Mic WrightReporter, TNW
Mic Wright is a journalist specialising in technology, music and popular culture. He lives in Dublin. He is on Twitter at @brokenbottleboy. Mic Wright is a journalist specialising in technology, music and popular culture. He lives in Dublin. He is on Twitter at @brokenbottleboy.
You might not visit AOL.com much, but a lot of people still do. While brands like Engadget, TechCrunch and The Huffington Post are more frequently discussed, it’s still a monster.
According to comScore, the site had 31.3 million unique views in April 2015, and it’s just revealed a radical redesign in the hopes of pushing those numbers even higher.
One of the biggest reasons quoted for Verizon’s recent acquisition of AOL was betting on the company’s video ad tech. Video is also at the heart of the strategy for AOL.com with a 93.8 percent growth in views between April 2014 and April 2015.
Maureen Sullivan, AOL’s President of AOL.com and Lifestyle Brands, told me:
The growth in video views for us has been incredible. It’s down to us attaching video to everything we cover and publish.
But who are the audience watching all those clips? One of the most common criticisms of AOL has been that its core market is made up of legacy customers who haven’t switched since the days of the company’s ubiquitous CD-ROM promotions.
Sullivan is obviously quick to counter that suggestion:
There are assumptions about our audience that just aren’t true. 14 percent are under 25. When you’re you’re programming at the scale that we are, you’re always going to have that kind of mix.
AOL Mail and AOL.com are one and the same for a lot our users. The only way to wow our loyal audience is to keep delivering great innovations. If they don’t like the new AOL.com today, they can stick with the old experience.
For folks that love AOL and have remained loyal to us, the brand is part of their daily life.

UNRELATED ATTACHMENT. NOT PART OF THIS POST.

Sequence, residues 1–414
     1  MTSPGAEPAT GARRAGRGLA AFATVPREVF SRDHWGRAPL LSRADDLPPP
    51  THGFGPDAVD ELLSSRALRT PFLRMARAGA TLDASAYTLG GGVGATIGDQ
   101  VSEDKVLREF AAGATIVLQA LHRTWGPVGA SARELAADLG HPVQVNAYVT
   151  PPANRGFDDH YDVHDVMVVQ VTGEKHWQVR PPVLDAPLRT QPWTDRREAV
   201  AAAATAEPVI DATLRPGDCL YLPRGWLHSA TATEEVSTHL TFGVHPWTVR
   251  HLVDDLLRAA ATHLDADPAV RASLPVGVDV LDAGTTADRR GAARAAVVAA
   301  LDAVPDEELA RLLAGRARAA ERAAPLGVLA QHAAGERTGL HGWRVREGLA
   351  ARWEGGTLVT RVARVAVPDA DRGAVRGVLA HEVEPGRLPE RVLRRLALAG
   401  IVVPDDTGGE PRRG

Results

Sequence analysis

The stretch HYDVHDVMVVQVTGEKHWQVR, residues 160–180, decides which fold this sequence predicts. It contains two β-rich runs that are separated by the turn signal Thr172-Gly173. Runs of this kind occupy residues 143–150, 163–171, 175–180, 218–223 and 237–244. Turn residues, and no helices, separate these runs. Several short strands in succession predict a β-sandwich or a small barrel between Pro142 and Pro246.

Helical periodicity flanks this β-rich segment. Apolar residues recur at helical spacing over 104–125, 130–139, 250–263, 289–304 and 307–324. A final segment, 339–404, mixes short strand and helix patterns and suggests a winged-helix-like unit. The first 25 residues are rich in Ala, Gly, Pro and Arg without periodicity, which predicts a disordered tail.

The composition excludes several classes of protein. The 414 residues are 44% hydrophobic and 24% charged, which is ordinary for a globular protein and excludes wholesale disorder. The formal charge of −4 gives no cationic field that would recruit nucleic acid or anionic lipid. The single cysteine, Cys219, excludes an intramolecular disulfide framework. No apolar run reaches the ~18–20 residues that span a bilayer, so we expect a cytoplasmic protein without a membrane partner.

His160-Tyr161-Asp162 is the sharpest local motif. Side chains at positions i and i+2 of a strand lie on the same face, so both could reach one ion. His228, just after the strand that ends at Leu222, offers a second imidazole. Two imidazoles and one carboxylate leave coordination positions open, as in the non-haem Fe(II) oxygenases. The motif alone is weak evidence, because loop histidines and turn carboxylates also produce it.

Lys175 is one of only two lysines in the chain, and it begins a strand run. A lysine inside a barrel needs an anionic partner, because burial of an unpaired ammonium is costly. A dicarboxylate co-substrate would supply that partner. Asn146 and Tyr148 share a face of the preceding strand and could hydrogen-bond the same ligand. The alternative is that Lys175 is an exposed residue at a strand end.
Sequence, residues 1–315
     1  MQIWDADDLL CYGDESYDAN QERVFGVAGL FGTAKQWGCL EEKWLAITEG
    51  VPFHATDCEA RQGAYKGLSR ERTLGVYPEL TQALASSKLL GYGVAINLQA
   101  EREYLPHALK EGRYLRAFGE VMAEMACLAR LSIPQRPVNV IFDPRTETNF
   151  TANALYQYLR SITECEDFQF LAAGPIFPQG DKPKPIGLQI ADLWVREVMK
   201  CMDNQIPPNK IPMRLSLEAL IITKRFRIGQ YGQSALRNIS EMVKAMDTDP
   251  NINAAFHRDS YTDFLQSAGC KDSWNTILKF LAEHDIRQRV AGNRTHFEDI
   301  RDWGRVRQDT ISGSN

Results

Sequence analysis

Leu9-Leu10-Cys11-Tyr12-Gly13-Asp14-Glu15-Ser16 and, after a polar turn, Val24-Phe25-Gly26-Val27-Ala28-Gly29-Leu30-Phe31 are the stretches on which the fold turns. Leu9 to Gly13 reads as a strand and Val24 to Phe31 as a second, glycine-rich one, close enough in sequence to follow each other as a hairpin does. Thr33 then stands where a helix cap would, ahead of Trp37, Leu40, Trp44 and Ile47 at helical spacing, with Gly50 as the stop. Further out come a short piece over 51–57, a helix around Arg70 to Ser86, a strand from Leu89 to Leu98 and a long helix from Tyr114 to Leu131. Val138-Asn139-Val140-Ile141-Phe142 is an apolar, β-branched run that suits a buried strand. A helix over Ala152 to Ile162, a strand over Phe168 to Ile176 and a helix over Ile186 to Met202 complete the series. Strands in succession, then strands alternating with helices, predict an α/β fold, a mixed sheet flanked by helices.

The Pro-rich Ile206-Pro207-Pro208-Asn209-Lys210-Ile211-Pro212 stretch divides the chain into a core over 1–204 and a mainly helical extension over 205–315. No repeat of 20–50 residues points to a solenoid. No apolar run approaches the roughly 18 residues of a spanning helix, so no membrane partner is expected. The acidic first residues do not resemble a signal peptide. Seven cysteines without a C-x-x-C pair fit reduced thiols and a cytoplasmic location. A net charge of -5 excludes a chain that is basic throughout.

The picture she paints of the brand’s audience – average household income of $90,000, median age of 48.1, 56 percent female – is definitely appealing to advertisers.
But there’s still a note of caution. She admits that if people “don’t use AOL.com or AOL Mail, they probably haven’t thought of us in a while.”
The focus on social traffic with the AOL homepage’s new modular design is about bringing in more of those visitors who haven’t thought of the brand “in a while.”
I suggest to Sullivan that refreshing a site’s homepage – the front door – isn’t quite as important now with so many people arriving from Facebook, Twitter and other social sites. She agrees… up to a point:
For us, we’re very fortunate to have a loyal audience that loves that start page experience. The side doors are bringing in new audiences. This relaunch, for us, is about creating social first content.
The modular format essentially creates atoms of content. They’re like puzzle pieces that come together on the desktop but they’re designed to stand alone on social and mobile.
Don’t expect to see AOL signing up for Facebook’s Instant Articles programme any time soon though. While Sullivan doesn’t outright rule it out, her answer makes it pretty clear that the company wants to keep control of its audience, despite the social network’s power:
All publishers understand how important social is for content discovery and growing audience. Everyone is trying to balance the value of that and encouraging people to show up at your front door, that’s not a challenge that’s going away any time soon.
The new, modular AOL.com is built on a real-time, agile model – a combination of personalization and hand curation. The big question is whether it will convert those passing social visitors into members of that loyal audience Sullivan talks about so proudly.
Read next: Those old AOL CD-ROMs aren’t junk, they’re history and this guy wants yours
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